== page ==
There’s so much information out there about Paris that it can sometimes feel a little bit overwhelming. With that in mind, in the second of a two-part article, here we bring you our bite-sized guide to the different arrondissements…
Fondly nicknamed Eleventh Heaven, this district is known as a very hip and happening place to be. From Oberkampf to Bastille, there’s always a café or bar in sight. This generally results in a younger audience due to the vibrant streets ﬁlled with nightlife.
Home to Place de la Bastille, where the French Revolution started, something of that spirit lives on here to this day. Now home to artists, artisans and musicians, a walk down these historic streets offers an interesting mix of ancient and modern treasures, as well as the city’s second largest opera house.
With the vibrant Chinatown area a main focal point, this district is an interesting mix, also combining residential and business areas – not to mention the Bibliotèque Nationale de France. After your reading, head for the hills to the Butte aux Cailles, a quaint rise in the centre of the arrondissement.
A large, residential area ﬁlled with vibrant cafés along Boulevard Montparnasse, the 14th arrondissement has traditionally been home to many artists as well as the Breton community that arrived at the start of the 20th century with the creation of the Montparnasse train station.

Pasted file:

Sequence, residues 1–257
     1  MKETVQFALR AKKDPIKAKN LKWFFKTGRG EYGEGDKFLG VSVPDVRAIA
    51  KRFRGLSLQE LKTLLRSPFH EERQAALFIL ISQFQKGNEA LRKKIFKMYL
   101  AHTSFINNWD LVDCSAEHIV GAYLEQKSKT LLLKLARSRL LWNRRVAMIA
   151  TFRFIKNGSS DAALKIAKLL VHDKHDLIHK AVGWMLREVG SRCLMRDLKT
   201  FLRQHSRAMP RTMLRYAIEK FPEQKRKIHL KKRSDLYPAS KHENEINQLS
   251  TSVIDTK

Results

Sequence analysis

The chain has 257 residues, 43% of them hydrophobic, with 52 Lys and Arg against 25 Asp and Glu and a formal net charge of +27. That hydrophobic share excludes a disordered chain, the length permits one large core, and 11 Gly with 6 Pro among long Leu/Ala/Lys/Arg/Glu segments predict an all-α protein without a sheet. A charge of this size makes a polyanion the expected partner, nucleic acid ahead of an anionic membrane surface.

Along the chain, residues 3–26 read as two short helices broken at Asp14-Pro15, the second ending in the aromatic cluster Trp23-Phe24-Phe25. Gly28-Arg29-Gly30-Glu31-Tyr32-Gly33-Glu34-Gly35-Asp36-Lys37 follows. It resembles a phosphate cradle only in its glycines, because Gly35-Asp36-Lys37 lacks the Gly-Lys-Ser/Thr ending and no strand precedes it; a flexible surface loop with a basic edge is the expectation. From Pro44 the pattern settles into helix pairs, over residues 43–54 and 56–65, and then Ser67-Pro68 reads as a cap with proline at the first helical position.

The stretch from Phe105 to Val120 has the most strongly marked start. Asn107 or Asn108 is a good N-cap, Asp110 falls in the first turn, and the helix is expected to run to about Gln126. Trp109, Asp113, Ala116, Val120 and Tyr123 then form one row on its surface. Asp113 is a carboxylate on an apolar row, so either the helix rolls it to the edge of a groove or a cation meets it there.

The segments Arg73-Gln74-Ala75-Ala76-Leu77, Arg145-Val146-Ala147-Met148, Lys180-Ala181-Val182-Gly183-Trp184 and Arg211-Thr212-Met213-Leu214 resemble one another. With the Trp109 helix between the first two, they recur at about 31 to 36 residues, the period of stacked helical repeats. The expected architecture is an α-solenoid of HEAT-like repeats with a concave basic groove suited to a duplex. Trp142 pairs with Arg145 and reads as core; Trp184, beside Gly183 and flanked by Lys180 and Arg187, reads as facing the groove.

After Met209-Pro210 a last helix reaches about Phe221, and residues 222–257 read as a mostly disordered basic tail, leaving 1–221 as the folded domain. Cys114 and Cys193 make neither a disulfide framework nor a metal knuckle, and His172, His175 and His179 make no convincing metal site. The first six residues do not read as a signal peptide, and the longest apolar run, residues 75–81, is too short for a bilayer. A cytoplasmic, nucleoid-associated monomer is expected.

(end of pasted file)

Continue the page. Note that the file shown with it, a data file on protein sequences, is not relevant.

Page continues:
Famous for the iconic Tour Montparnasse, with its outstanding views, this is another highly residential area. Hot-spots include the Parc des Expositions and the Musée Pasteur, but there is one building that residents aren’t so fond of – which lead to its nickname of Moche Grenelle (Ugly Grenelle).
Bordered by Bois du Bologne park to the west, Palais de Chaillot overlooking the Eiffel Tower to the east and L’Etoile du Champs Elysées to the north, the 16th is a wealthy residential area. A quieter place than most, with a distinct family feel, it is home to various parks and prestigious schools.
Best known for the up-and-coming neighborhood of Batignolles, this district is notable for its artistic heritage (it’s a little-known fact that Impressionism was born here) and quaint cafés. There is also a famous park (Parc Monceau) where people gather at weekends to enjoy the large open space.
Renowned for the once bohemian district of Montmartre, where you’ll ﬁnd the ‘snow-capped’ domes of the Sacré-Coeur, this area was once home to artists such as Vincent Van Gogh, so it can be a bit of a tourist trap. Head off the beaten track though and you’ll find side streets teaming with hidden gems.
Part of the area known as Belleville but stretching across to the Canal de L’Ourcq and covering the Parc Buttes Chaumont, the 19th arrondissement is known as a very family-friendly area. There is also a brand-new cultural institution, the Philharmonie de Paris, which is located at Parc de la Villette.
The setting for the city’s largest cemetery, Père Lachaise, this is the final resting place for the likes of Jim Morrison, Frederic Chopin and Oscar Wilde. Back in the land of the living, you’ll find a vibrant neighbourhood, with cutting-edge artists’ ateliers and galleries, live music venues and literature collectives.
• To read the first part of this article, click here